Nintendo’s version of Rock ‘em Sock ‘em Robots, Arms, has struggled to stay relevant since its release back in June. Arms is by no means a bad game, and Nintendo’s been enthusiastically supporting it with post-release updates. But a month in, there isn’t much to grab onto with Arms.
Early on, Arms’ prospect as an entry-level fighting game seemed sure. Nintendo touted its competitive potential with demos—though confoundingly, with the game’s motion controls, an unorthodox scheme that seemed to ensure accessibility. The question after launch seemed to be: would Arms be a serious game for fighting game fans, or a Nintendo-style party game, accessible to any child attending their friend’s birthday?
At first, I played exclusively in Ranked Mode, where opponents took the game seriously and challenged me with thoughtful strategies. I didn’t touch Party Mode, its chiller, more scatterbrained cousin that let me play Team Fight and Arms’ takes on volleyball, basketball and target practice. These seem to be Arms’ two types of players, and the game caters to neither. Arms’ higher tiers are plagued by cheesy playstyles and quitters, and its “fun” modes aren’t that fun. At best, the party modes are palate cleansers between 1 vs. 1 matches.
Arms sold 1.18 million copies in two weeks. Right now, Arms is the Switch’s 13 best-selling game in its eShop. In part, Arms’ comparatively low install base (Splatoon 2 moved over half that many copies in three days) seems to be a branding issue: Arms doesn’t know who it’s for, and neither do Switch owners.
Sure, Nintendo’s latest patch for the game gave “Ranked” players what they wanted: the free DLC fighter Max Brass (and new three sets of arms), a great, simple new stage for clean fights, a level cap increase for ranked mode and penalties for players who disconnect (The next patch’s content and release date are unknown.) It’s clear that Nintendo’s currying faith in their long-term support for the game’s competitive future, but I’m not sure how many players are viewing it as a true fighting game and not an underdeveloped launch title.
Twitch is ripe with opportunities for uninitiated players to understand a game’s appeal. Twitch streamers are tastemakers, and their success streaming a game can be a reflection of a game’s hype. Some games, like Battlegrounds, live and die by Twitch. Arms has only one major streamer, and while his streams are entertaining and informative, high-level Arms play can get repetitive after a while. The stages and fighters and arms may change, but in the end, Arms’ fighters’ only moves are punching, blocking, dodging and throwing.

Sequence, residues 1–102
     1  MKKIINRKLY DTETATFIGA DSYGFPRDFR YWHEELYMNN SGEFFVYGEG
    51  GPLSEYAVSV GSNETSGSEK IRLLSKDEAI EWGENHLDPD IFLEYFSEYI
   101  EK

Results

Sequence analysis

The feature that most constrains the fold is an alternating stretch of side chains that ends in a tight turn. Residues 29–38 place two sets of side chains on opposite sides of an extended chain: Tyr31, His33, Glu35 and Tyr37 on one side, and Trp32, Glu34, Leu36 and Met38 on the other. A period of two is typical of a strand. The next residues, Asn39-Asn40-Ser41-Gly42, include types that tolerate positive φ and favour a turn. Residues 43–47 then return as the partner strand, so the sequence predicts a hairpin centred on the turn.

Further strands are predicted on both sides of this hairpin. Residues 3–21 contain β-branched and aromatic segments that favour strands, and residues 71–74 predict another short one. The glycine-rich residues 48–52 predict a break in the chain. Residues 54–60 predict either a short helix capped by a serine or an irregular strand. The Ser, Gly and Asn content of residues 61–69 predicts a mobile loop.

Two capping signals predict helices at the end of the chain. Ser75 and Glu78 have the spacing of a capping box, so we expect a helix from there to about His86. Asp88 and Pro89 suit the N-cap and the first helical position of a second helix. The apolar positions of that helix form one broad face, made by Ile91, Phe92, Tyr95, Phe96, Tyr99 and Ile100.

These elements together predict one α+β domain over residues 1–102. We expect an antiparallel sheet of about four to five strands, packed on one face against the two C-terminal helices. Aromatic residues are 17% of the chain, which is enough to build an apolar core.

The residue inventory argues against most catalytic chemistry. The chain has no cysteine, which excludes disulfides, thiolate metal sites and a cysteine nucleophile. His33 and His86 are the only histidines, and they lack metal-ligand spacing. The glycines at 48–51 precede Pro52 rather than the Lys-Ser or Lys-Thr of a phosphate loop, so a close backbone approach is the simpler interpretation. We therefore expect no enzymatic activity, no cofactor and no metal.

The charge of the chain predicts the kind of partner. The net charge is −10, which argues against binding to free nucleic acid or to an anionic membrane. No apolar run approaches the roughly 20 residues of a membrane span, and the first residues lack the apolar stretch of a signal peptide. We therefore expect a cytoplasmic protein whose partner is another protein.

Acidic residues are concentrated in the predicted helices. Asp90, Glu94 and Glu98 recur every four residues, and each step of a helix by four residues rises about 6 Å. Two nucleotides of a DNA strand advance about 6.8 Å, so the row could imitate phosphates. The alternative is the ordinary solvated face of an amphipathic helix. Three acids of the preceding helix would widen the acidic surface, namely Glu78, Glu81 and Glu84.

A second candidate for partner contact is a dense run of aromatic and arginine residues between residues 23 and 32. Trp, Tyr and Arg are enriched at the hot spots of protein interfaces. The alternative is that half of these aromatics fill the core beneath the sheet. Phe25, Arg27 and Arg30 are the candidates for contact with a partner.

Since picking up the game prior to release, the divide between serious and not-so-serious players has become a problem. I don’t enjoy “Ranked” mode anymore, because rage-quitting is a plague. About a third of the matches I’m slated to win are abruptly cut short by someone disconnecting. Cheese playstyles like baiting, camping or throw spamming are the norm. Arms is glitchy. It doesn’t have that many fighters. The Switch’s reliance on Wi-Fi is unsettling (which could account for disconnects). And with just punches, throws and blocking, its mechanics, at least at face, don’t seem that deep. Over time, I’ve migrated over to Arms’ “Party Mode” where I encounter fewer try-hards, but understand less why Arms wasn’t released as a simple mobile game.
Arms will make its major fighting game debut at EVO Japan in 2018. Last week, a few dozen top players strutted their stuff at New York’s Defend The North tournament. What will be beyond that?
Arms does one thing pretty well—boxing with slinky limbs—but doesn’t knock it out of the park on any other front. If you want to punch cute cartoons with spring arms, it’s your game; and if you want to meticulously earn and curate those arms, you’re in luck. But it’s kind of a one-trick pony. And, after a while, even that one trick fades in novelty, even though it’s pretty damn hard to master.
Arms is a curious case study in what happens when what could have been a strong Nintendo mini-game gets blown up into a full-sized title. It’s by no means a lost cause. But what I’m hoping for most: To see Spring Man and Ribbon Girl in the Switch’s nowhere-to-be-seen Super Smash Bros. port.
(Correction—6pm ET: I originally said the game sold 1.18 million copies through July. It was actually just in its first two weeks.)